California’s community-based developmental services system works to meet the needs of more than 330,000 people with developmental disabilities. The struggle for affordable housing is not unique to this community, but it is exacerbated by discrimination, zoning policies, local growth limitations, and accessibility needs. Once the state’s developmental centers close, the state will save up to $100M annually (per a recent Legislative Analyst’s Office report). It will also realize a benefit from the disposition of the properties. This is an opportunity to use one-time General Fund dollars to jumpstart housing developments, and ongoing revenues from the disposition of developmental center properties to sustainably fund affordable housing development in the future.

While the majority of Californians with developmental disabilities live at home (92.7% of regional center clients aged 18-21, 78.5% of clients aged 22-31, and 58.8% of clients aged 32-41), for too many this is not the choice promised by the Americans with Disabilities Act, the Olmstead mandate, and the Lanterman Act.
The vast majority of people with developmental disabilities rely on SSI/SSP as their only source of income – less than adequate to afford typical market rents in almost every county in California (as a point of reference, “affordable” housing is defined being 30% or less of a person’s income – for an SSI/SSP recipient, that is less than $300/month). But it gets worse. Most so-called affordable housing units remain unaffordable, requiring two or three times the monthly rent to qualify. And affordable housing units with rents affordable to people at extremely low incomes typically have multi-year waiting lists. Waitlists for Housing Choice Vouchers – aka Section 8 – are rarely open, and flooded with applicants when they are. And across the state, Housing Authorities report that Housing Choice Voucher recipients struggle in today’s overheated rental market to find a unit before the voucher expires. Granted, recipients cannot find available units accepting the voucher.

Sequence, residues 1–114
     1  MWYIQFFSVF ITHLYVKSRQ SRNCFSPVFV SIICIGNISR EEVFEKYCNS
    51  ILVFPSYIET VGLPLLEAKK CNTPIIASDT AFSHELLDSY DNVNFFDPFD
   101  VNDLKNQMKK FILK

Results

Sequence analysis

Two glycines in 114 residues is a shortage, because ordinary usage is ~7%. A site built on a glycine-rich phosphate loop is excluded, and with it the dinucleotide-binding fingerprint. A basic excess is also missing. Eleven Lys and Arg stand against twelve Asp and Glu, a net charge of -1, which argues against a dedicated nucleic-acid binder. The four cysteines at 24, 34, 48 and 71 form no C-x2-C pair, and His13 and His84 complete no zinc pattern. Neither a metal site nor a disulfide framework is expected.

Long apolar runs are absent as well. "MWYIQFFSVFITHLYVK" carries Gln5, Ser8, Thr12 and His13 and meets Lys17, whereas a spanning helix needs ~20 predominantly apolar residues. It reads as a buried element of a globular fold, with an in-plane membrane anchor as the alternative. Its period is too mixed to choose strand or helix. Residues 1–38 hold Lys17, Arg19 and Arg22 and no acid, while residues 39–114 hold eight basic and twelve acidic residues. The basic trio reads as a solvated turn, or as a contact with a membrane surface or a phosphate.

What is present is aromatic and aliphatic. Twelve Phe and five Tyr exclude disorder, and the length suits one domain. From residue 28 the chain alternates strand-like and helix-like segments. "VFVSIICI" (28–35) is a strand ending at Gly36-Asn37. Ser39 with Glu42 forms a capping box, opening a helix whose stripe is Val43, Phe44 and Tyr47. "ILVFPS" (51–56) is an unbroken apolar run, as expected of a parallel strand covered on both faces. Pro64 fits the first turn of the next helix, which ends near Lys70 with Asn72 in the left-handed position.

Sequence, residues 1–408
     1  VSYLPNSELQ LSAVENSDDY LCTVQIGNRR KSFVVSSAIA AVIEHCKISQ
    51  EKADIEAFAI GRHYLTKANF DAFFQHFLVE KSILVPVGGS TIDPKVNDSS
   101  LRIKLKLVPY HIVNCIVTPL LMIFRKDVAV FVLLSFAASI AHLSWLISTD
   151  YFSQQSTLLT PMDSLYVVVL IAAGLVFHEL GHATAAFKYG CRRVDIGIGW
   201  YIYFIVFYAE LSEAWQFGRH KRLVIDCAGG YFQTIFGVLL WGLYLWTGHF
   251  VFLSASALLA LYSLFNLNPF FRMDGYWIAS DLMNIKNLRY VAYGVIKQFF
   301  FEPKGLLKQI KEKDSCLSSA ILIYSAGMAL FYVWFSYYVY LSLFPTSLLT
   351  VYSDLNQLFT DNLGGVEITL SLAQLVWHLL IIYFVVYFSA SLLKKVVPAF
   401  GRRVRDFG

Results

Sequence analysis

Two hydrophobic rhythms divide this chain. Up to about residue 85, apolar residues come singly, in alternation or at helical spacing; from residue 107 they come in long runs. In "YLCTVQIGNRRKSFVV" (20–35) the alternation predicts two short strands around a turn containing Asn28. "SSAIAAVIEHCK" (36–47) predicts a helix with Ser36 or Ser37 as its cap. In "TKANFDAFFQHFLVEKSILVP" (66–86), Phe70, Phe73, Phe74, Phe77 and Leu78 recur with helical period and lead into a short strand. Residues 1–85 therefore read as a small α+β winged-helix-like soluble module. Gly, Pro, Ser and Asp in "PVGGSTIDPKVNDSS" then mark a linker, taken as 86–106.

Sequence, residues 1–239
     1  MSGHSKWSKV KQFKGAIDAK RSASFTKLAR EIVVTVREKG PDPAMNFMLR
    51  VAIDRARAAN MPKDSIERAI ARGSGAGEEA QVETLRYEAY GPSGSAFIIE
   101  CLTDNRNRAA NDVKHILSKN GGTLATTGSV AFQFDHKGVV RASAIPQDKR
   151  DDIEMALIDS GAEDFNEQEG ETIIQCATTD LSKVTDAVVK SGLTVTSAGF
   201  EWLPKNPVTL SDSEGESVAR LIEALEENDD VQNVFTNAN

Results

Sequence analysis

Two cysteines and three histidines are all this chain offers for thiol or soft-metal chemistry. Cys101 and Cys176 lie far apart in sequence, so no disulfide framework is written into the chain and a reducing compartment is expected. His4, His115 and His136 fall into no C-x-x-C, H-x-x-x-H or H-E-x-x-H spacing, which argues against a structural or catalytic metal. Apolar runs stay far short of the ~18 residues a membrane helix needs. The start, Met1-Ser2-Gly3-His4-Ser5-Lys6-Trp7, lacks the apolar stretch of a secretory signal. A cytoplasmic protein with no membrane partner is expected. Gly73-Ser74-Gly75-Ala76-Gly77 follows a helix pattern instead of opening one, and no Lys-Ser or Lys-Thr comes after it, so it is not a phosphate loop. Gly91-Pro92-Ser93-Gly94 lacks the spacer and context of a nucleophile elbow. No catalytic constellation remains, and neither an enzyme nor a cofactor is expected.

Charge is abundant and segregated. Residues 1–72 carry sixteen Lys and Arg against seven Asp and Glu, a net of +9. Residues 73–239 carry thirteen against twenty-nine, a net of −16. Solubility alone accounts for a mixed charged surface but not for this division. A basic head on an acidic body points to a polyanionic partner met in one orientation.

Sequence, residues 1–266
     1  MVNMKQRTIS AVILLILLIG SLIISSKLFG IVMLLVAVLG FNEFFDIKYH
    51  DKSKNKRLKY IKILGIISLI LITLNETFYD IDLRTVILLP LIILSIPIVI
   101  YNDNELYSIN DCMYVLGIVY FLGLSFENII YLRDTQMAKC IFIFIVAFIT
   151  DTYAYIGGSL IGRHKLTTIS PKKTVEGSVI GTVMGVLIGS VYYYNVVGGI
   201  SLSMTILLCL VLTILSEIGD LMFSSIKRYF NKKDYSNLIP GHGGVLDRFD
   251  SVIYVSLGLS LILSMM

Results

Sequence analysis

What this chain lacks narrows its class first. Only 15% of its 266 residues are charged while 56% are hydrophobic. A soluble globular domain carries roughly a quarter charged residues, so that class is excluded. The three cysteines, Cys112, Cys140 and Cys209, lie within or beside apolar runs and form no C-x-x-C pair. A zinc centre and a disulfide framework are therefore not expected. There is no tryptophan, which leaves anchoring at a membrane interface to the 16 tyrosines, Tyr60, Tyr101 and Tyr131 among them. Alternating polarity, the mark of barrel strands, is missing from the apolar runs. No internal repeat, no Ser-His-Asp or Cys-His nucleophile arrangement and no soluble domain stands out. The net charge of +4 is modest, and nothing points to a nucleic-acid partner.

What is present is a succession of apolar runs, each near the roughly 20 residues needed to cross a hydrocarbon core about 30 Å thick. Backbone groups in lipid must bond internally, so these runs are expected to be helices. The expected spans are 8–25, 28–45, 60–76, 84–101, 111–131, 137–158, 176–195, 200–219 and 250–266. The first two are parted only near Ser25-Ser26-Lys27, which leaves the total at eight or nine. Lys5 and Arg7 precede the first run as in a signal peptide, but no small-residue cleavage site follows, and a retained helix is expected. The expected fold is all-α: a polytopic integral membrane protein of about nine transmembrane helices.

The extreme housing challenge facing people with developmental disabilities warrants a response similar to the responses given to other extremely low- income groups. California has a history of designing effective affordable housing and supportive service programs for vulnerable populations, including The Mental Health Services Act, Veterans Housing and Homeless Prevention Program, and No Place Like Home. With dedicated gap funding, people with developmental disabilities can benefit from Low Income Housing Tax Credit affordable housing the same as other vulnerable, extremely low-income Californians.

To learn more about housing options for Californians with IDD please visit https://www.dds.ca.gov/LivingArrang/Home.cfm.